I’m not sure why the researchers chose to use so much juice. Perhaps less juice, or even supplements, may work also.

What About Eating Cherries?

Sure. They’re good for you. Eating 10–12 cherries per day has been shown to significantly cut down on gout attacks. But, according to Study 3, 24 ounces per day of juice—the amount participants drank—is equivalent to about 100 cherries. That’s a little too much for me to handle.


What about you? Have you ever been so sore from exercise you could hardly move? What have you found that helped?


Soreness photo: Flickr/bionicteaching.

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  • Amit

    The most participants of either of these studies is 54, the other two had much fewer. That doesn’t seem like a big enough sample to really say anything for sure. Though it may be worth a shot.

    • http://thesurvivaldoctor.com/ James Hubbard, MD, MPH

      True, but the studies were prospective and double blind. Those are usually the most reliable studies and take a lot less people to make the findings statistically significant. Studies that are retrospective–looking back on people how people did after the fact–take a lot more people, and even then, tend not to be so strong.

  • Elizabeth

    I have read anecdotal accounts of muscle soreness responding well to the active enzyme in fresh pineapple, which is available in supplement form. A massage therapist I know suggests valerian root extract and /or saw palmetto supplements to reduce muscle soreness after an overuse episode.

    • http://thesurvivaldoctor.com/ James Hubbard, MD, MPH

      Interesting, Elizabeth. Thanks.

  • http://www.facebook.com/mary.janis Mary Janis

    Hi Doc,

    Whenever I have overworked or over-exercised I take 2 or 3 Cal-Mag-Zinc tabs before bedtime. It helps my muscles relax enough to sleep well & removes most soreness before I feel it. Thanks for your newsletters & blog.

    • http://thesurvivaldoctor.com/ James Hubbard, MD, MPH

      Thanks, Mary.

  • http://www.facebook.com/ophthalmist Anton Vurdaft

    Hi, Doc. Tnx for publication. But I found it strange, that there’s no presumption on efficiency of an apple juice, not a cherry juice. Cause every study for some reason made participants drink not only cherry, but mix of cherry and apple juices.:)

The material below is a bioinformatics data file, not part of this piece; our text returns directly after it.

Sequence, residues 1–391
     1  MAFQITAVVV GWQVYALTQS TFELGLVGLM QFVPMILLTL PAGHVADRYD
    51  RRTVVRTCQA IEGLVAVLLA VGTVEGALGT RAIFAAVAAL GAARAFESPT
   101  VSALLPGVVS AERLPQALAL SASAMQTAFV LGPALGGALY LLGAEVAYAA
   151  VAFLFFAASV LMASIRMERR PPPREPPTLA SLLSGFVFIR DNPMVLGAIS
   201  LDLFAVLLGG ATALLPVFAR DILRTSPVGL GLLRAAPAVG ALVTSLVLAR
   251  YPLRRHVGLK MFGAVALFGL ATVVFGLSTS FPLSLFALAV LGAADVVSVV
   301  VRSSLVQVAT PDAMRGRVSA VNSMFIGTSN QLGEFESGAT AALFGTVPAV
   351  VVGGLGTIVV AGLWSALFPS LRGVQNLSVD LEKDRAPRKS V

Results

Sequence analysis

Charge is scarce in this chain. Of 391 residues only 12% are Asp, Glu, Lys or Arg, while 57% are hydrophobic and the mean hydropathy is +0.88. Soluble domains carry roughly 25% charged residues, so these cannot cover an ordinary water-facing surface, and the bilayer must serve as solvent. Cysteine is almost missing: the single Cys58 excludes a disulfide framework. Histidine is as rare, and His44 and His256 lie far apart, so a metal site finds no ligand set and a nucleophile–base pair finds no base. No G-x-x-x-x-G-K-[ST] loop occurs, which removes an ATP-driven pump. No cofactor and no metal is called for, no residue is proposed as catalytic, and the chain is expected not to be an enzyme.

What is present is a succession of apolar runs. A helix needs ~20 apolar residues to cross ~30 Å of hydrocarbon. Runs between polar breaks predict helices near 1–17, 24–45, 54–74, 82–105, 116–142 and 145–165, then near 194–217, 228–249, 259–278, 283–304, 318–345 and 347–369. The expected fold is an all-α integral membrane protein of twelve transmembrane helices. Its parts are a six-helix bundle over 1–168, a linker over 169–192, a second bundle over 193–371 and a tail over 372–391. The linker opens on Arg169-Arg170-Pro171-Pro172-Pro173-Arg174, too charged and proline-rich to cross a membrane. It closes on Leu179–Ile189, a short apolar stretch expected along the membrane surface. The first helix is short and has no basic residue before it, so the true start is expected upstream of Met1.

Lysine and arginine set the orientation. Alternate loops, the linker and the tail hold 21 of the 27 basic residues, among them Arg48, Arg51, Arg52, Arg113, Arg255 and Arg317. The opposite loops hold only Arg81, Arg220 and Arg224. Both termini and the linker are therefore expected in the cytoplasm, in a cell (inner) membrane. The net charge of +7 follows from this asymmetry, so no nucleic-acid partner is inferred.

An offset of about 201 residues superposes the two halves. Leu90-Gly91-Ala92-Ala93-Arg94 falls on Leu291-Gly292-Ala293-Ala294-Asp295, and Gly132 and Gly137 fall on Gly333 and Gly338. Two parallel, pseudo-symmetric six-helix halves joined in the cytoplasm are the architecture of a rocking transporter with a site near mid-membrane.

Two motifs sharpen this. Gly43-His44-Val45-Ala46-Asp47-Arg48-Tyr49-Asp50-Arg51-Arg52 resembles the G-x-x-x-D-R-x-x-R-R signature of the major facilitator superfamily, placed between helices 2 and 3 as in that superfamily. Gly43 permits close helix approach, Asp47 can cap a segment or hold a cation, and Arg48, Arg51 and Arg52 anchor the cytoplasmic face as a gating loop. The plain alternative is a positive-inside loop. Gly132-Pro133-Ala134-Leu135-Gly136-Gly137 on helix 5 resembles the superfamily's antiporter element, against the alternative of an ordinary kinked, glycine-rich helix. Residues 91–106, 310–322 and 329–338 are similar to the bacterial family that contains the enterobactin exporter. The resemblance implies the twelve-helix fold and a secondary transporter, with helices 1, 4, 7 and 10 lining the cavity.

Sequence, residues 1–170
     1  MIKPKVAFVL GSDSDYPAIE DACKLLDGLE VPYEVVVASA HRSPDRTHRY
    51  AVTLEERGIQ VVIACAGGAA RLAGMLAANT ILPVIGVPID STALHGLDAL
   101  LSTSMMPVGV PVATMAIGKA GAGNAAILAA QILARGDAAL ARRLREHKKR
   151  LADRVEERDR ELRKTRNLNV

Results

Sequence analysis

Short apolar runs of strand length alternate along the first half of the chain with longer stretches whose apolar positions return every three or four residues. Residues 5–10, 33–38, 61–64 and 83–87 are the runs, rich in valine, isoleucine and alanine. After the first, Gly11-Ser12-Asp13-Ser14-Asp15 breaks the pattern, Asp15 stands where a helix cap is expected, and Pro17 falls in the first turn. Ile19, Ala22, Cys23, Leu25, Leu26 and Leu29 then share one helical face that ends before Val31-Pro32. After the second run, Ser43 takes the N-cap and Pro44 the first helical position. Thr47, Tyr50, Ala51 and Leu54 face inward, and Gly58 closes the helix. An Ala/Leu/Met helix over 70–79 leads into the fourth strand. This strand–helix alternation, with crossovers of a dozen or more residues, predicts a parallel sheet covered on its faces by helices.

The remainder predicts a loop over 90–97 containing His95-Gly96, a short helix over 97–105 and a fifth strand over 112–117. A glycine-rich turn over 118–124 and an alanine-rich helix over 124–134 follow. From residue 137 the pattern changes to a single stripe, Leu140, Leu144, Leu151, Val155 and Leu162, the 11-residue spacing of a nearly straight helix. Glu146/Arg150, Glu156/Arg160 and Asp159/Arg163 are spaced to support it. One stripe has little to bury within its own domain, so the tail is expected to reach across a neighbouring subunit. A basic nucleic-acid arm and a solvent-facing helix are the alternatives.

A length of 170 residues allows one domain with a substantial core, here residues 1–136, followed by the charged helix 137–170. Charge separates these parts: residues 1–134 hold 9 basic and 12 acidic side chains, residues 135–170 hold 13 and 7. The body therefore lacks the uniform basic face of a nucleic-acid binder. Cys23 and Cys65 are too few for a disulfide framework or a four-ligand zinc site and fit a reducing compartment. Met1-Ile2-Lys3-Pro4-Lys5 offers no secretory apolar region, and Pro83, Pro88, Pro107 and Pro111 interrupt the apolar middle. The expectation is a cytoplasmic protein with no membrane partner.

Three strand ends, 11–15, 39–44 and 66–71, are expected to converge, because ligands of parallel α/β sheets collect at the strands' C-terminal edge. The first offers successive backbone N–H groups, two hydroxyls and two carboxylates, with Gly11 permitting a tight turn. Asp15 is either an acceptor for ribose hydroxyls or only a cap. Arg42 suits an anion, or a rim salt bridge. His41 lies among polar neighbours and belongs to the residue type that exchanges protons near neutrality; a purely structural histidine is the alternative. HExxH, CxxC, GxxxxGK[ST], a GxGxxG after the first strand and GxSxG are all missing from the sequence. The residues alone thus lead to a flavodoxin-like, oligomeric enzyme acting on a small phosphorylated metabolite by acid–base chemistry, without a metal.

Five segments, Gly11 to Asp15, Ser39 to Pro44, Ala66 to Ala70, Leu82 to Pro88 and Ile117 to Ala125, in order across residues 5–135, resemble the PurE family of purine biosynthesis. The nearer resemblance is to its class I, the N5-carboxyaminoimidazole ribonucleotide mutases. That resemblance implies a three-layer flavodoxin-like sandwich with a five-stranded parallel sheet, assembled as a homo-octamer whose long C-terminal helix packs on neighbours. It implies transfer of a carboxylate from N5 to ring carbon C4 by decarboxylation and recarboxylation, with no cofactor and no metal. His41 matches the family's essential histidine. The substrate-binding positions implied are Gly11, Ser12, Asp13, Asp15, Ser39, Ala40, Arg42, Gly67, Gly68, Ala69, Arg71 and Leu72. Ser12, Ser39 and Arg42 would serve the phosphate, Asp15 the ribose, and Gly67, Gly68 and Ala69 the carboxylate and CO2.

• http://thesurvivaldoctor.com/ James Hubbard, MD, MPH

      Anton, good point. And I don’t know how they accounted for that.

  • GoneWithTheWind

    The way to reduce muscle soreness from any excessive use of those muscles is to excercise regularly. Find simple excercises that use all your muscles and improve your flexability. Then when you decide to do any physical task to excess think again and pace yourself. If the task can be completed over three days then take the three full days and build up gradually (i.e. do more on the last day and less on the first day). Be careful that you don’t allow your strong muscle groups to allow you to over exert your smaller and weaker muscle groups. This risk increases if you are in good condition and/or strong. I am strong enough to load 100 lb bales of hay by hand all day but if I do it my back will suffer. So remember just because you can pick up the front of a VW bug that doesn’t make it a wise decision. Work smart not hard. Pay attention to what your body is telling you. Once you start feeling the muscle strain from over working a muscle group it is too late to prevent the three days of muscle pain you have set yourself up for. Think about what you are doing and pace yourself. Quit hard work/excercise that you are unaccustomed to early not late. Stop at the first sign of muscle strain. Another trick/method is to spread out difficult work over more time. Work for half an hour and do something else for an hour, then go back to the difficult task for half an hour, etc. If you are a male between the ages of 13-35 this is doubly important because this group is prone to being macho and, well… stupid. Women and older men are better at pacing themselves and recognizing the mistake of ignoring pain or attempting overly difficult tasks.

    • http://thesurvivaldoctor.com/ James Hubbard, MD, MPH

      Thanks for the great advice. Yes, regular exercise and pacing are the best.

  • Christina

    Very interesting! Thanks for posting this. Wonder if any other fruit are comparable?

    • http://thesurvivaldoctor.com/ James Hubbard, MD, MPH

      Probably, Christina. But I don’t know which ones.

  • Suni

    Great Information Doc, thanks for the posting.

    • http://thesurvivaldoctor.com/ James Hubbard, MD, MPH

      You’re welcome.